Review Of 'The Book Thief'

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Review of: The Book Thief by Markus Zusak

It seems sometimes like the market for young adult literature is written down to the readers, almost in a condescending manner. That is why a book like The Book Thief by Markus Zusak is so refreshing in this sea of cookie cutter romances and fantasies. While classified as a young adult novel, it deals with very serious themes. The book’s cover comes printed with this label: “It is 1939. Nazi Germany. The country is holding its breath. Death has never been busier, and will become busier still.” It is a dark allusion to what is to come. But Zusak makes this story more accessible to the audience he is writing to and does this by creating identifiable characters, by bringing humor into this gloomy subject and by using a unique narrative to keep the reader enthralled.

Zusak, in this book, creates a very identifiable and unique protagonist and then surrounds her with equally unique and engaging characters. The protagonist is Liesel Meminger who is only nine years old when she is taken to live with the Hubermanns, a foster family, in Molching, Germany in the late 1930s. She arrives with few possessions, but among them is The Grave Diggers’ Handbook, a book she stole from her brother’s burial place. During the years that Liesel lives with the Hubermanns, Hitler becomes more powerful, and life on their little street becomes more fearful, and Liesel becomes a full-fledged book thief. She rescues books from Nazi book-burnings and steals from the library of the mayor. She steals, not because she is a kleptomaniac, but she steals books that mark important moments in her life. “The point is, it didn’t really matter what the book was about. It was what it meant that was more impor...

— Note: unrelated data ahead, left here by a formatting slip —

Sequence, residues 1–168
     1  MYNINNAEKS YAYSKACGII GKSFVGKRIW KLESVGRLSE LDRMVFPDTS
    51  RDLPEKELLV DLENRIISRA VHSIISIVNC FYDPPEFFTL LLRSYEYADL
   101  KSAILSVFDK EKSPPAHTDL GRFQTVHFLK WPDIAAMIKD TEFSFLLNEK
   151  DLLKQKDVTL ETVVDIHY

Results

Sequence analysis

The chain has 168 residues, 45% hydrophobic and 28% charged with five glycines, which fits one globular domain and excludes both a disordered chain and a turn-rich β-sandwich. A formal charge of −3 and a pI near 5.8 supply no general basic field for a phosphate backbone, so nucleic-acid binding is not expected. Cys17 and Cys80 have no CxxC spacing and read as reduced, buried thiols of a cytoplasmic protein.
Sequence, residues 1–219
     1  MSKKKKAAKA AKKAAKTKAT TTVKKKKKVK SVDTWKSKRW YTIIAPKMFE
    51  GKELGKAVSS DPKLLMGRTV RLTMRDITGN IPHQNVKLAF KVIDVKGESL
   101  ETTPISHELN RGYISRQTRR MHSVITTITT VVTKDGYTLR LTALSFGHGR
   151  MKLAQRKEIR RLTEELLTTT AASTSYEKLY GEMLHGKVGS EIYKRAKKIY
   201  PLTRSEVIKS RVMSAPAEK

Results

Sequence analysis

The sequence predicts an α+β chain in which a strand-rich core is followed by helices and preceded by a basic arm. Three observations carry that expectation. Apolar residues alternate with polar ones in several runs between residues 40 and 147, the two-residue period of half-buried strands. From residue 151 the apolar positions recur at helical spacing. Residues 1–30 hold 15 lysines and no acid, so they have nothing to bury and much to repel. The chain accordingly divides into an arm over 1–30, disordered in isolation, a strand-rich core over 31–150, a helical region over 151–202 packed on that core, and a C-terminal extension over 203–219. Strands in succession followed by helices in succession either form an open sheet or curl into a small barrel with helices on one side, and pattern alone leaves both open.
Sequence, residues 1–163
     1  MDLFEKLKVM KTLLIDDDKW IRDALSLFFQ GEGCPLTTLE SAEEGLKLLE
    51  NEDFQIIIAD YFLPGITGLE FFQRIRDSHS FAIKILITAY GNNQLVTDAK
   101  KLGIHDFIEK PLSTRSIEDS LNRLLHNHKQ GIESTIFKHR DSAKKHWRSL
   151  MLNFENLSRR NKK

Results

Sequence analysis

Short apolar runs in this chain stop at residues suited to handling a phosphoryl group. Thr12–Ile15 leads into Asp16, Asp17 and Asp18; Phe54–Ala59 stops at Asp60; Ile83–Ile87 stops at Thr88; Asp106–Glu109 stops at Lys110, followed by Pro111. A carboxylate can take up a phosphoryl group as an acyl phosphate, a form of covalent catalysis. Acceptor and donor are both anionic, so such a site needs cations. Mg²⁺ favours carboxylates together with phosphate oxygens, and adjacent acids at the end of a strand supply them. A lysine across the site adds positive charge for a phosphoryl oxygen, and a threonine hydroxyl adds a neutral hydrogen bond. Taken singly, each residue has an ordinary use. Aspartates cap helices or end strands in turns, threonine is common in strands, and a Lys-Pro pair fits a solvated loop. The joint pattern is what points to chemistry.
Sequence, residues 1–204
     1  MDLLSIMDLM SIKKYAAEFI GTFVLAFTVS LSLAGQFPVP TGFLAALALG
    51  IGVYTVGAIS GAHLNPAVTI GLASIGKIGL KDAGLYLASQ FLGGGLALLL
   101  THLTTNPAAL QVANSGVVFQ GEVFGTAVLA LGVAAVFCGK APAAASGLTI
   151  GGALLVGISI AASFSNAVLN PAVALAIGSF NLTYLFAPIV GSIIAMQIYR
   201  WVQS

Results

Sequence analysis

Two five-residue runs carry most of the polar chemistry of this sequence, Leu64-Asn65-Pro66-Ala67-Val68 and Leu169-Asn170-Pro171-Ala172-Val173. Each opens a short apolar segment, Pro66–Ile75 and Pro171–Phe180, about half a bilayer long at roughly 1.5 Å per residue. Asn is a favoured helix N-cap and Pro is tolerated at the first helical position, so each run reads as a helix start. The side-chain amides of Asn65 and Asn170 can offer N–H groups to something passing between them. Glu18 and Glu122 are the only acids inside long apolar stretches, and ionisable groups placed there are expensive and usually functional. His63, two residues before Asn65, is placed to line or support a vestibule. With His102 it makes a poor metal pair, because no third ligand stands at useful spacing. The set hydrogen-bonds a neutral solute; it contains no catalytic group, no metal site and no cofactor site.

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...es and intonations, with each passing moment. A single hour can consist of thousands of different colors. Waxy yellows, cloud-spat blues. Murky darknesses. In my line of work, I make it a point to notice them.” Along with his stream-of-consciousness style, Zusak has his narrator divide the book into quick, choppy chapters, rarely any longer than five pages. Death also throws in his own personal thoughts as interjections in the action of the story. Sometimes it’s with small facts about himself, other times its deeper insights to the action and sometimes it’s with clarifications. Death is really the perfect narrator for this story.

The Book Thief stands out in its genre as a smart, entertaining, albeit sometimes dark novel for young adults. It is a book that, through its characters, dark humor, and innovative narration, can captivate practically any audience.

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